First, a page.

Levi Strauss has long supported gun control. Not long ago, the company’s CEO, Chip Bergh, penned an editorial column in support of Everytown for Gun Safety, Live Free and Giffords. Before that, he asked customers to not carry firearms in its stores. Now, the company is continuing its support of gun control by donating jeans to an anti-gun video called “Enough,” (seen above).
According to Teen Vogue, Levi donated 250 pieces of denim for the anti-gun video set to a song by the Australian singer Sia. The video features 120 students from The National Dance Institute in New York City. Supposedly, the dancers are trying to send a message about gun violence. Other companies, such as Gap, Banana Republic and more, also donated to this anti-gun cause.
This, of course, isn’t the first time the fashion industry supported gun control. Last year, designers partnered with Everytown to create the Everytown Fashion Council. This is also not the first time that Sia has supported gun control in her music, nor is she the first artist to push the gun control agenda.
Anti-Gun Video Support
While every company has the right to support whatever causes it wants, it seems as if they would be smarter in their methods. Gun owners buy products, just like everyone else. Additionally, gun owners typically keep up with who supports gun control, and how. Donating some clothing to a video isn’t that big. In fact, it is a tax write off; one of many the company probably claims.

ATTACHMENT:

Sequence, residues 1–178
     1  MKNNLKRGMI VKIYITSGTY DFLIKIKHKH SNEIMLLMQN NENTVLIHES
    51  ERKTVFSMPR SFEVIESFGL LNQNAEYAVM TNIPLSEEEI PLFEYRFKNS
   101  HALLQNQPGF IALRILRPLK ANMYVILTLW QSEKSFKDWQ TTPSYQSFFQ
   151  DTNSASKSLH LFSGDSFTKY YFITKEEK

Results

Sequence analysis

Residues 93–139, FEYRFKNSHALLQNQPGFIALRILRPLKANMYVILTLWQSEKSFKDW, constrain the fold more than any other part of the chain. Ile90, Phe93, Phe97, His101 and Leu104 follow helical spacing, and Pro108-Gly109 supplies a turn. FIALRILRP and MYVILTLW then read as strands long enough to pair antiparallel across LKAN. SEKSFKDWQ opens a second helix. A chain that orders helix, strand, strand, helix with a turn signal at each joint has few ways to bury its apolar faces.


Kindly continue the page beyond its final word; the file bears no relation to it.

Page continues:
Companies on the other side of the debate do the same. Every firearm company supports the National Rifle Association, as well as other groups, such as the Sportsmen’s Alliance. They do this because the issue is close, and for tax reasons. They also donate to other causes they support. It is a natural part of business.
It just seems, though, that companies could support issues without slapping at the other side, especially if their product is for the general public, not a specific group. Many people don’t want to know what companies support. They just want to purchase quality products without thinking about politics. Maybe that is impossible today. Or maybe there is truth to the saying that “any press is good press.” Either way, it doesn’t seem as if supporting such causes hurts the bottom line of companies; Dick’s Sporting Goods might be the exception.